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______________________________________________________________________________ Standard 1. Career, Community, and Family Connections Analyze family, community, and work interrelationships; investigate career paths; examine family and consumer sciences careers; and apply career decision making and transitioning processes. Expectation Statements Explain career choice in an interrelated context of family, community, and work. Explain career pathways in relation to family and consumer sciences. Examine careers and career transition skills. Apply career, community, and family concepts in curriculum and instructional planning. Figure 1. Example of one of the National Standards for Teachers of Family and Consumer Sciences with corresponding Expectation Statements (from Expectation Statements, 2007). ______________________________________________________________________________ Development Process The Expectation Statements were developed and confirmed through a multi-phase process. As shown in Table 2, this process included five national conferences and an online survey. Brief descriptions of each of these are provided in this section. Table 2 Development Timeline of the Expectation Statements for the National Standards for Teachers of Family and Consumer Sciences Date Activity September 2005 Family and Consumer Sciences Teacher Education Conference, Indianapolis, IN. Participants developed the first version of the Expectation Statements document. December 2005 Association for Career and Technical Education Annual Meeting, Kansas City, MO. Educational session about the National Standards for Teachers of Family and Consumer Sciences. The 2005 Expectations Statements document was distributed and comments were invited. June 2006 American Association of Family and Consumer Sciences Annual Meeting, Charlotte, NC. The 2005 Expectations Statements document was distributed. Participants worked in small groups to review and provide input on the statements for the first four content-focused Standards. September 2006 Family and Consumer Sciences Teacher Education Conference, Indianapolis, IN. Participants worked in small groups to review and provide input on the 2005 Expectation Statements for the six Standards that focus on professional practice. September 2007 Family and Consumer Sciences Teacher Education Conference, Indianapolis, IN. Participants used the feedback gathered in 2006 to review and revise the 2005 Expectations Statements document and create the 2007 version.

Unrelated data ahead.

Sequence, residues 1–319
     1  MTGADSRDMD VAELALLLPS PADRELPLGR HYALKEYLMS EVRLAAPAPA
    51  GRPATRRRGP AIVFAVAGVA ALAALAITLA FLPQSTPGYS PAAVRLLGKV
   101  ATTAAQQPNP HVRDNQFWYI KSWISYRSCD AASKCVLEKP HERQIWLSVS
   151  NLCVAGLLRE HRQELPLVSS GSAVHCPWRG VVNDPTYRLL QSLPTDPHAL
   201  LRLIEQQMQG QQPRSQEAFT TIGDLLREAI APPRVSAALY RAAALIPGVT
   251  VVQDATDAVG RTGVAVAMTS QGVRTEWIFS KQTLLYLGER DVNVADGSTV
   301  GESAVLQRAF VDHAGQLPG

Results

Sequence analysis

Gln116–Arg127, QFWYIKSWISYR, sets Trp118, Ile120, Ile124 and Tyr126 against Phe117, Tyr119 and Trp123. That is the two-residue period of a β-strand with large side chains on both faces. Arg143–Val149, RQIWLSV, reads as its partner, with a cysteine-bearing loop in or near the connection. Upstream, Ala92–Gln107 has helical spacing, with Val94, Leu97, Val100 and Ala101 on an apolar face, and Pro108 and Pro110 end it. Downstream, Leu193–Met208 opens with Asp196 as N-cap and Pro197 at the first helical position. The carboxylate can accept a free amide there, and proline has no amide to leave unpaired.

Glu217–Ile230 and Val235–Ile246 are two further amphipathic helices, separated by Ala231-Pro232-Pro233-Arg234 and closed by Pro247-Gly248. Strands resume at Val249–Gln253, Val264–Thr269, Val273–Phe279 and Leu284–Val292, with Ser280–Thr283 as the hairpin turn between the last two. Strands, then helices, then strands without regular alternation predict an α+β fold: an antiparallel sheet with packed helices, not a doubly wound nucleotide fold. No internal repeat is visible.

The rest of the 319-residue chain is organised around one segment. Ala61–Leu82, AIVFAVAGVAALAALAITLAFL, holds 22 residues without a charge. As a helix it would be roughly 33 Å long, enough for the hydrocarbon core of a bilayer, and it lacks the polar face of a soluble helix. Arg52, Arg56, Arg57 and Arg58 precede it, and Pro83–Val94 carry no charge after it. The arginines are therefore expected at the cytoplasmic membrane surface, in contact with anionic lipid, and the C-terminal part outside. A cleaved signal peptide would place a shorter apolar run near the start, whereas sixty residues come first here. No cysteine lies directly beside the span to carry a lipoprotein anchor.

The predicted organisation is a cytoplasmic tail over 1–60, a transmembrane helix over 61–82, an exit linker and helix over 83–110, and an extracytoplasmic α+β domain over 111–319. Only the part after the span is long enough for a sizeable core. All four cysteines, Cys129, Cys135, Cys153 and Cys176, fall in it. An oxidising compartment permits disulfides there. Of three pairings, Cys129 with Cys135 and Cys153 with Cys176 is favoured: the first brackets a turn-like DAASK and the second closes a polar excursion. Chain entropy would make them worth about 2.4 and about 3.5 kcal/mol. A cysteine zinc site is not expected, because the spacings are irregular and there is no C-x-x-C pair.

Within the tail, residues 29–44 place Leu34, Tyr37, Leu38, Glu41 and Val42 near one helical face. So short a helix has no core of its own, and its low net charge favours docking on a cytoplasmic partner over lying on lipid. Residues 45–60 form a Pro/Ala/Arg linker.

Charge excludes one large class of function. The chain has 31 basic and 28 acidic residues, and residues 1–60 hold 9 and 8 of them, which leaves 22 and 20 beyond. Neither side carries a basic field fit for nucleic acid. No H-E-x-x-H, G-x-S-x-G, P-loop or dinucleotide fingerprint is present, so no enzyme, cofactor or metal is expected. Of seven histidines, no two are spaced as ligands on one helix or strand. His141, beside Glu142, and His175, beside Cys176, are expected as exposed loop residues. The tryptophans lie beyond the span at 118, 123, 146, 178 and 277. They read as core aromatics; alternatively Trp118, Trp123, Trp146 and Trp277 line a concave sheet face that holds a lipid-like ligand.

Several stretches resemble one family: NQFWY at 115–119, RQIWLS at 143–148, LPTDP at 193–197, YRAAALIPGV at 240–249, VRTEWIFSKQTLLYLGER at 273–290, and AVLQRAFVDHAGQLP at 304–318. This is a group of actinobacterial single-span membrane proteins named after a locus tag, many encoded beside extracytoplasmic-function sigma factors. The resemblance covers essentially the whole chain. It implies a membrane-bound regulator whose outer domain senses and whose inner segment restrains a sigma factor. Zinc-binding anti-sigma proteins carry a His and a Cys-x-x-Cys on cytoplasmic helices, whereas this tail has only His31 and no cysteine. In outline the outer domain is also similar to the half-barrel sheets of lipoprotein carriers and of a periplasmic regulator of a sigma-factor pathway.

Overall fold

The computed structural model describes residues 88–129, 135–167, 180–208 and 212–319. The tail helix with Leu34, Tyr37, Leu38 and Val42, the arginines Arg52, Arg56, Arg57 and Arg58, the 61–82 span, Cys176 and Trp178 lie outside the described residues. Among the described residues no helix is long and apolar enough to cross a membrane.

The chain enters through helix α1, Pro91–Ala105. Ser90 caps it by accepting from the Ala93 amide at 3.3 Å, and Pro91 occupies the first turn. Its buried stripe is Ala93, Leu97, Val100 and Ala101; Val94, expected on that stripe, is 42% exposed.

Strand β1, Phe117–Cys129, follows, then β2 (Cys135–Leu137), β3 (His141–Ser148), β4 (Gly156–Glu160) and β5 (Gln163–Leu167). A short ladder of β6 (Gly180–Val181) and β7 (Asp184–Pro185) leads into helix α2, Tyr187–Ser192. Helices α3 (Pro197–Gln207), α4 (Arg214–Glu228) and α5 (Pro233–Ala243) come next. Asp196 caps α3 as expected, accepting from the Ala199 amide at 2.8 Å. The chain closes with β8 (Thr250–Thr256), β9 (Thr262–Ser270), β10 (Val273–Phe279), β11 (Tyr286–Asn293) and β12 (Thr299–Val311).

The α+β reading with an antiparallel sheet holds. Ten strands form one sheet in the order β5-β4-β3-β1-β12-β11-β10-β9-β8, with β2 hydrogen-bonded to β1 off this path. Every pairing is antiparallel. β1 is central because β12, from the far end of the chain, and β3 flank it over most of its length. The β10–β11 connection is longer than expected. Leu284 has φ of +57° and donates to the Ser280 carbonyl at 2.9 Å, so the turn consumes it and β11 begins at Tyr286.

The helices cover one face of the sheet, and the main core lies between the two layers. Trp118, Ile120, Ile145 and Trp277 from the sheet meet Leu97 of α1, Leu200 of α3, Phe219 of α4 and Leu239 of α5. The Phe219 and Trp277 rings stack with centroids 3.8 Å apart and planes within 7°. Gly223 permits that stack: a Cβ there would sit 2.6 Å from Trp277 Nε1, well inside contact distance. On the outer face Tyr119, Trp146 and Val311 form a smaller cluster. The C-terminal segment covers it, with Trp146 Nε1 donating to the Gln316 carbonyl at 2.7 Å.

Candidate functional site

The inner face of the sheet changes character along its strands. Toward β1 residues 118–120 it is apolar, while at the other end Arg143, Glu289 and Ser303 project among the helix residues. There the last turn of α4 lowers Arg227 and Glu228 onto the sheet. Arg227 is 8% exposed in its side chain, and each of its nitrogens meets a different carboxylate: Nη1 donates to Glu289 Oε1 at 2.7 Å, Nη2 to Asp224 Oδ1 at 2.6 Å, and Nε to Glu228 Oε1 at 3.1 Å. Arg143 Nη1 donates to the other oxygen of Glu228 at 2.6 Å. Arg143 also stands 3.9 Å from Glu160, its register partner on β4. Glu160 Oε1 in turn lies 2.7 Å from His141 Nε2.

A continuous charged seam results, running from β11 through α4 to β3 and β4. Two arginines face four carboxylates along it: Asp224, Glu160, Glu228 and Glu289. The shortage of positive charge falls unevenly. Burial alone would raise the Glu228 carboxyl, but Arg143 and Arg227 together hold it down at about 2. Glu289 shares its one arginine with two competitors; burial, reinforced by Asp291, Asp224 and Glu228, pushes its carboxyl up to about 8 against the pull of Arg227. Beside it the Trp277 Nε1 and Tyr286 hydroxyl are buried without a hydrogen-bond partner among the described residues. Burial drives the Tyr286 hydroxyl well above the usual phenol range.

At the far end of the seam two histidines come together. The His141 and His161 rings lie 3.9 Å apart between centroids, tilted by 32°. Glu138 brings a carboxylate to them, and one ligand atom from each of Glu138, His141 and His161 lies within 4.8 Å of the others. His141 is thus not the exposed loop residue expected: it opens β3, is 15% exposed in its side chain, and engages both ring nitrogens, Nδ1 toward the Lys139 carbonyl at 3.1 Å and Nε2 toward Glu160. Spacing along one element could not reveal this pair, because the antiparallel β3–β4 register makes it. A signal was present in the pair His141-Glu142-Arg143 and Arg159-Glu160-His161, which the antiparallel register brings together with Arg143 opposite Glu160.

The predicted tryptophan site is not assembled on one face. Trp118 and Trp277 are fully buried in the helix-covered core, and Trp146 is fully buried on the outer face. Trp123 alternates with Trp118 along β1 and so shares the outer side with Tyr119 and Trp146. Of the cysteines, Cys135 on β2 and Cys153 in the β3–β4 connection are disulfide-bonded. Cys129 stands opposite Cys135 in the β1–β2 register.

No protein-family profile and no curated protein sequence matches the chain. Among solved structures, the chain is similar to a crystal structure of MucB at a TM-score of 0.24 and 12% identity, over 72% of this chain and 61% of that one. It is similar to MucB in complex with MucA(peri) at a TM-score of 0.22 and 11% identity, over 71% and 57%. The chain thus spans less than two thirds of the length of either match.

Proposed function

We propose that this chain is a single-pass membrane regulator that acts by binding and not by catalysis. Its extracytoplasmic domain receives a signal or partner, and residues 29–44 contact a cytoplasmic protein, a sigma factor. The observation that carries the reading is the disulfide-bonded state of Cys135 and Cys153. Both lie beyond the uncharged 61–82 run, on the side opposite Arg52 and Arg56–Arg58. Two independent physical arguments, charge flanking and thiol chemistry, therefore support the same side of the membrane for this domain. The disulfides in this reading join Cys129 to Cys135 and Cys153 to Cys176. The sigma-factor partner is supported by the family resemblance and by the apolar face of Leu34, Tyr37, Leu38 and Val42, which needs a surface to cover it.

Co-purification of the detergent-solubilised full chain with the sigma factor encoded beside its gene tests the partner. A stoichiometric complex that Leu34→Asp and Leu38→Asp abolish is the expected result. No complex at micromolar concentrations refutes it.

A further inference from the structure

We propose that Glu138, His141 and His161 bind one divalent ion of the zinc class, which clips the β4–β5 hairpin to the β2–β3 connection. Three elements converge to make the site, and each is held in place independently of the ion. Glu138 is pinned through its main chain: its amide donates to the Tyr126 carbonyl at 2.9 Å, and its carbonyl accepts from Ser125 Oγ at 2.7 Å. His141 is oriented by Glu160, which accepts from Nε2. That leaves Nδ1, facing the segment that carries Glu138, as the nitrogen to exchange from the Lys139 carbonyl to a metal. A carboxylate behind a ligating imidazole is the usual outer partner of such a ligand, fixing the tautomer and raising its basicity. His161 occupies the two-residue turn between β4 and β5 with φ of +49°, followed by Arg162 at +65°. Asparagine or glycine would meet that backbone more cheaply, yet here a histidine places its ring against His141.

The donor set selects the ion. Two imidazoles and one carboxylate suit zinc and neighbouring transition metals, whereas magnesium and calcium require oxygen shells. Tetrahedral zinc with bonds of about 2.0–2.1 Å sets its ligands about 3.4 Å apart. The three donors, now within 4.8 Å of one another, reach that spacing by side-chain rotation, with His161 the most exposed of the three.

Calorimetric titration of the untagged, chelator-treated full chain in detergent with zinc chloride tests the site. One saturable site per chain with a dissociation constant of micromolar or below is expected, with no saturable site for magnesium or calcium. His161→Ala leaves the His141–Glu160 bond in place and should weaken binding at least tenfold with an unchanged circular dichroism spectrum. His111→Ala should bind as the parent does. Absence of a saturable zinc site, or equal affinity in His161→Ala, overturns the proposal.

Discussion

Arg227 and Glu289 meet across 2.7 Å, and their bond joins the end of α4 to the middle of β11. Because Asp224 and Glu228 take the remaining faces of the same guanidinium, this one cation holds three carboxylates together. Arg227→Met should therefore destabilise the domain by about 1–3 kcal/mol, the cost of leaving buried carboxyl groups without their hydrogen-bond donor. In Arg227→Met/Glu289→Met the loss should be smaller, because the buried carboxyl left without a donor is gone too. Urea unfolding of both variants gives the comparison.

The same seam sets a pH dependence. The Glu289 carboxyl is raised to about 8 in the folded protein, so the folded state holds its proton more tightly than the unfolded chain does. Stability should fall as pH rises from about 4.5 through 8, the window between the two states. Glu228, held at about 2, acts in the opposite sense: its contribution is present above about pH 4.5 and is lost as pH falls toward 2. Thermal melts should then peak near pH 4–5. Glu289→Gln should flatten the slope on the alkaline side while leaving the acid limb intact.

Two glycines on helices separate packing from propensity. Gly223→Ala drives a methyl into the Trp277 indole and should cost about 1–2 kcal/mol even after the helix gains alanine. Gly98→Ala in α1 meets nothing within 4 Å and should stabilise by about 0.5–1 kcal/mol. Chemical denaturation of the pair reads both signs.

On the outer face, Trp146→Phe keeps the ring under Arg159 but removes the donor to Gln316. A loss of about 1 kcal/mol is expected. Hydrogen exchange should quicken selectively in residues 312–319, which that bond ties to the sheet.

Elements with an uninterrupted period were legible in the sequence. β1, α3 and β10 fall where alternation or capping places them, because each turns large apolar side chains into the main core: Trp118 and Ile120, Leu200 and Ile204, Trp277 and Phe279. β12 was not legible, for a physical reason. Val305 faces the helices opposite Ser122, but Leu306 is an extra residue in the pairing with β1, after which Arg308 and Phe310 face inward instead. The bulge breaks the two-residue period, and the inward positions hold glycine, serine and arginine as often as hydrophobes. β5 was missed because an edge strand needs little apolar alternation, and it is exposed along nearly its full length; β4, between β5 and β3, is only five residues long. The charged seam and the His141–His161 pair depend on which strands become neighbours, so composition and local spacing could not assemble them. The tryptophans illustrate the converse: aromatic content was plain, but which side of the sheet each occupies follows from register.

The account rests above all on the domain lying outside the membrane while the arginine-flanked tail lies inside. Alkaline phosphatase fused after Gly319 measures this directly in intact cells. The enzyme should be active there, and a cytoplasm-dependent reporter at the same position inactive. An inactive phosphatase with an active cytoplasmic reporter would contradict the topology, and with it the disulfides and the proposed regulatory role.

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Nov.-Dec. 2007

Online survey sent to NATEFACS e-mail list. The majority of the 35 expectations statements received positive ratings.